• Wikimedia Austria believes that Diversity&Inclusion should be reflected in the structures and public appearance of movement entities and so they become the welcoming spaces that the Wikimedia projects often can’t be. Hence, we use inclusive language in all our official documents (e.g. bylaws), made sure the bylaws also represent and support the principles laid out in our friendly space policy and made efforts for better gender representation in our committees and expert groups. We hope that the strategy process will result in recommendations for affiliates which make less of an exception and more of a rule in the movement.

--Wikimedia Österreich (talk) 15:03, 29 May 2019 (UTC)Reply

Regarding key question 10[edit]

Regarding the last question in the page, I would recommand reading the first parts of Freakonomics. There are several studies showing "incentivizing" volunteers by money would have adverse effects. Similar work has been done on donating blood. If you pay some money for each donation, people start to say "it isn't worth that much" and if you pay lots of money, the amount of fraud will make it unusable.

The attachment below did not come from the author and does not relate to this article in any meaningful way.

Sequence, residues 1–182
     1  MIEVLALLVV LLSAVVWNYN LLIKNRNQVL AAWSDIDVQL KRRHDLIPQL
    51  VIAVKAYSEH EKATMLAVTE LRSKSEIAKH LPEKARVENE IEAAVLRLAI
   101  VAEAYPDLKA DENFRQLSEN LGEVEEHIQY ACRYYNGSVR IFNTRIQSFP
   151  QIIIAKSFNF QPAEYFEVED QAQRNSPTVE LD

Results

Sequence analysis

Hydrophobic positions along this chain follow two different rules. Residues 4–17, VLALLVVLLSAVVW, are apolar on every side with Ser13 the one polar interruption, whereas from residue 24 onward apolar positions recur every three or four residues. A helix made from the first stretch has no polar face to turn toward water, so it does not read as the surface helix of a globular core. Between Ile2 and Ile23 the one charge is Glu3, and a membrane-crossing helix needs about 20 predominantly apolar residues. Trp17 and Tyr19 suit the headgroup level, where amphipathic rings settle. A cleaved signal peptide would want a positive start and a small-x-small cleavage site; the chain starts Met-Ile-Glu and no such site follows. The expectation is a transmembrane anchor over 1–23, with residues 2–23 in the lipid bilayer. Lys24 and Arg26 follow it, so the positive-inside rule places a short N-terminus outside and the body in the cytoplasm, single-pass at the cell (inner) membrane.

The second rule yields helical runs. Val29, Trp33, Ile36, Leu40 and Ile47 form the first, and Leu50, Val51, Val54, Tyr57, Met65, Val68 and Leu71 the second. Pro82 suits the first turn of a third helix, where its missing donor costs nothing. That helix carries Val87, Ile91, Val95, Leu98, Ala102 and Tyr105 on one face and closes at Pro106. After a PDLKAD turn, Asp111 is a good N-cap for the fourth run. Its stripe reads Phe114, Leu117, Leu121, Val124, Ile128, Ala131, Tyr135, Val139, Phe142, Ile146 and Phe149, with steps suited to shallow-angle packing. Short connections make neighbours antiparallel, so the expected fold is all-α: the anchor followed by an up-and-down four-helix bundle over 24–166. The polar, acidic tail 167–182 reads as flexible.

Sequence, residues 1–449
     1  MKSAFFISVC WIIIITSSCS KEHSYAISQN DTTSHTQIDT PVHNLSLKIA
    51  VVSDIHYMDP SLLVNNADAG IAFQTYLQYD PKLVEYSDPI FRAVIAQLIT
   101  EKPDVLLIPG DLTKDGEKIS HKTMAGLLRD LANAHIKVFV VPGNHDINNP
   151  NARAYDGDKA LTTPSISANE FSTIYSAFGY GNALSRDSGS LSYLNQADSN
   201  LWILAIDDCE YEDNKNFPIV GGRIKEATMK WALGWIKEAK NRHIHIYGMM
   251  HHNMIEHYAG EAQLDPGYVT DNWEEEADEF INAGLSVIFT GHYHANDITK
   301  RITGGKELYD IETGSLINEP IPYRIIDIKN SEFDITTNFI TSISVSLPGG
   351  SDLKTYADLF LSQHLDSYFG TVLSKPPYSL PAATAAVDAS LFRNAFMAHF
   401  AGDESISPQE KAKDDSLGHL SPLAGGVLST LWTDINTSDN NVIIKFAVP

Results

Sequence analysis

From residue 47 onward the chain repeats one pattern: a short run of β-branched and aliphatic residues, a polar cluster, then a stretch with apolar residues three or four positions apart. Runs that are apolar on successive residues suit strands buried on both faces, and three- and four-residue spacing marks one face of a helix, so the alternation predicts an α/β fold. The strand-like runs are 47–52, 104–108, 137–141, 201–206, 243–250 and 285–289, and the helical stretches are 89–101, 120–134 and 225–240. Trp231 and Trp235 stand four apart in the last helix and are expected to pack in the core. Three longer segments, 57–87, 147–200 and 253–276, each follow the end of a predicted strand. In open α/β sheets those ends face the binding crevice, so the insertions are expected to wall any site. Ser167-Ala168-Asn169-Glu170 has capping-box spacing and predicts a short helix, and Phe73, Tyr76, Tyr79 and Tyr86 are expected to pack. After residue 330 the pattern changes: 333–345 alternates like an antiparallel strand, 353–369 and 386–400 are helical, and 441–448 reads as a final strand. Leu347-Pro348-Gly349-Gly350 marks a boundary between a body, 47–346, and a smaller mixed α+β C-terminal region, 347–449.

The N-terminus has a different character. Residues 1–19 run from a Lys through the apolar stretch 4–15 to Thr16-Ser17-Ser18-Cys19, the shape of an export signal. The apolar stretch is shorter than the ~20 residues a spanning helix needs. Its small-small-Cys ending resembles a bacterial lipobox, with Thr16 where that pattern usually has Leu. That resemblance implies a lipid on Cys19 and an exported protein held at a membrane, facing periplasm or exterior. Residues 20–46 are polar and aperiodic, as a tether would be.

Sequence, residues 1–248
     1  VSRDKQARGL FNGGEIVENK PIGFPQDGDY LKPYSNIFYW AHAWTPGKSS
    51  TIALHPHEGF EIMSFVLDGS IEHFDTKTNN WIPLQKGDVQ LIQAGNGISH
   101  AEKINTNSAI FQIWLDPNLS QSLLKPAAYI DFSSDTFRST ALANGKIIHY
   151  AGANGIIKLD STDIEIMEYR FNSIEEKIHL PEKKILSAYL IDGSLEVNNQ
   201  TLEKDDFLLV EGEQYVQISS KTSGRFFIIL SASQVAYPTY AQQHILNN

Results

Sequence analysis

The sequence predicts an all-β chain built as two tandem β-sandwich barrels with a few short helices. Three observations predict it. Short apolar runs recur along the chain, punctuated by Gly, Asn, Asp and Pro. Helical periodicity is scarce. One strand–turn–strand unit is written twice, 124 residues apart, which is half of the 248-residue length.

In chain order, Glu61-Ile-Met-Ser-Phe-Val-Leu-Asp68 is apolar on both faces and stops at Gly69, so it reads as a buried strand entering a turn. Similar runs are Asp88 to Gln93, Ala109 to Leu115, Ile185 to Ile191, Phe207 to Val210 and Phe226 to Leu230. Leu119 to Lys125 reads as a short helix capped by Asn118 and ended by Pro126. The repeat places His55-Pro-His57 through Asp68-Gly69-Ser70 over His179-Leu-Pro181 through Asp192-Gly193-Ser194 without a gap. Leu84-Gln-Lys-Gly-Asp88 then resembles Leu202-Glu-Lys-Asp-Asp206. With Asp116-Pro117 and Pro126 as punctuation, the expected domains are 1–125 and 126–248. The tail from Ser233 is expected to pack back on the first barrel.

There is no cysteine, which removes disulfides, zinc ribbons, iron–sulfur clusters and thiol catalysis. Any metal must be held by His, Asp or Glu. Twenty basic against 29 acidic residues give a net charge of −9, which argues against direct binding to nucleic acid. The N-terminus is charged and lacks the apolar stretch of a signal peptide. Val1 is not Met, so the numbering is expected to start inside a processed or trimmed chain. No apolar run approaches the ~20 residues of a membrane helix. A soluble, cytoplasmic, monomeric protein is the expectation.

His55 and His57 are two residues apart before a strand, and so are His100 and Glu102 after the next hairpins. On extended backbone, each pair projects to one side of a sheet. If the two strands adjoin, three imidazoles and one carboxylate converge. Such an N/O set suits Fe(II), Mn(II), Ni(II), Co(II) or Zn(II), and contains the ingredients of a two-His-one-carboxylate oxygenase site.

Keep these researches in mind. Amir (talk) 14:47, 30 May 2019 (UTC)Reply

About question #3[edit]

How do we avoid the pitfall of recentism, tapping in to elder networks, LGBT networks, women’s networks, indigenous communities, etc.

I presume you mean somehing different. How about: "How do we avoid the pitfall of recentism, how do we encourage more participation by elderly people, LGBTQ people, women, indigenous communities, etc." Is that what you mean? --Prüm (talk) 06:57, 31 May 2019 (UTC) (I'm not a native speaker)Reply